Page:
State Comprehensive Privacy Laws: Status of the Regulations
Thursday, October 20, 2022

With 2023 quickly approaching, many are spending this final quarter preparing for the five US state “comprehensive” privacy laws. Some of these contemplate clarifying regulations with technical and operational requirements. Requirements that will impact preparation activities.

Earlier this year we provided steps companies can take to get prepared in the absence of full clarity. The hope was that regulatory clarity would have been issued by now. Since it has not, many find themselves needing to prioritize or reshuffle their plans. As we get closer to January 1, keeping track of status can help. Below we thus summarize the current status of regulations (if any) across the states:

  1. California. California released a first draft of regulations in June of this year (along with an Initial Statement of Reasons). Over 1,000 pages of written comments were submitted during the comment period. On October 17, 2022 the CPPA issued modified proposed regulations and explanations for the changes. The timeline for finalizing these regulations remains unclear. It is important to note that these are still draft and partial regulations. That said, given the complexity of these regulations, companies will need to use them in their evaluation of what steps to take in the coming weeks. This is particularly true for those with “do not sell or share” obligations.

  1. Colorado. Colorado recently published its first draft of proposed regulations. The Office of the Attorney General will hold a public hearing on February 1, 2023. Once the hearing ends, the public can no longer offer comments on the proposed rules unless they are altered in a way that requires the process to begin again. Following the hearing on the proposed rules, the Office has 180 days to file adopted rules with the Secretary of State for publication in the Colorado Register. Adopted rules go into effect twenty days after publication or on such later date as is stated in the rules.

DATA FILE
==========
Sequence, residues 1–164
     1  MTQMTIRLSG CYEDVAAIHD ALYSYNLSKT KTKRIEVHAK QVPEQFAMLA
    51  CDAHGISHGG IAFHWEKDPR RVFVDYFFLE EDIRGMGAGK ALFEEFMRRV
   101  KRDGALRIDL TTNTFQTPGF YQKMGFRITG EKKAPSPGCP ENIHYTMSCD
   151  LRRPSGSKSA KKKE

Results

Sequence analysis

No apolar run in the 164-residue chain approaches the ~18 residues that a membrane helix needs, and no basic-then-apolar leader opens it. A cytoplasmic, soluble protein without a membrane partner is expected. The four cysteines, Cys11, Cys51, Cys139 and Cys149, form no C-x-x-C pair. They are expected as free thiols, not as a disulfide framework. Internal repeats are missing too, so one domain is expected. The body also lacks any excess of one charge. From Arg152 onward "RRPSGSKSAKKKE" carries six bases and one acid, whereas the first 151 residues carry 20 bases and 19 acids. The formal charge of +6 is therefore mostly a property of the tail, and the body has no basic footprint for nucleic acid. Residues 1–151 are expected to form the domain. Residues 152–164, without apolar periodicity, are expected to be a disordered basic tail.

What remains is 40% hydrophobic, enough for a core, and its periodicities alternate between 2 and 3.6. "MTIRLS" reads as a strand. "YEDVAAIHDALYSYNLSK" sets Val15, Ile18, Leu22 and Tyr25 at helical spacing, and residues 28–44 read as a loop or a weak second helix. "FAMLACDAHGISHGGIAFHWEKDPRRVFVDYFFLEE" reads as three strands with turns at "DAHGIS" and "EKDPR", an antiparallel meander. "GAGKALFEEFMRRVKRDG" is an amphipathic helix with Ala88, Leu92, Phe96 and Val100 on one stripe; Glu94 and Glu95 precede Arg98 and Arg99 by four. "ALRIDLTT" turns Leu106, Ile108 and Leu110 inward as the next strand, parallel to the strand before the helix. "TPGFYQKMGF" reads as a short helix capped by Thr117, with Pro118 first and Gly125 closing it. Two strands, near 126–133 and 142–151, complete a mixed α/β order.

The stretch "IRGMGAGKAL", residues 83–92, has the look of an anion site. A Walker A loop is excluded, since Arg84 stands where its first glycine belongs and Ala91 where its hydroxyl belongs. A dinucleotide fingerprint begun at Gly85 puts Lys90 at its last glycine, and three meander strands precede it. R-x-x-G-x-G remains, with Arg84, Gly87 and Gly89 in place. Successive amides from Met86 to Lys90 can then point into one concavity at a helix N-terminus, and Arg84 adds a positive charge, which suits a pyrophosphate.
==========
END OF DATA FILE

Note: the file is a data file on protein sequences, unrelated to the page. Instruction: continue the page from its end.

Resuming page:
1. Connecticut. The statute does not appear to confer any express rulemaking authority. However, it does contemplate that a joint standing committee of the General Assembly be convened by September 1, 2022 to study certain matters and issue a report on its finding and recommendations by January 1, 2023. Currently, there is no publicly available update on the status of this committee’s efforts.

  1. Utah. While by statute the Attorney General and Consumer Protection Division are to report on the effectiveness of the enforcement provisions and data protected and not protected by the law, the statute does not appear to confer express rulemaking authority.

  1. Virginia. The statute does not appear to expressly confer any rulemaking authority and non are anticipated to be promulgated. In April 2022, Virginia passed three fairly minor amendments to the law (change on rights to delete, added political organizations to the definition of excluded nonprofits, and repealed the VCDPA consumer privacy fund, remitting payments instead to a preexisting state fund).

Putting it into practiceThe time frame and status above should help as companies continue to work on their compliance activities with these US state “comprehensive” laws. The California regulations can be used now, keeping in mind that they are not yet final. Companies striving towards a singular approach and date for compliance will also want to keep in mind Colorado’s draft regulations.

 

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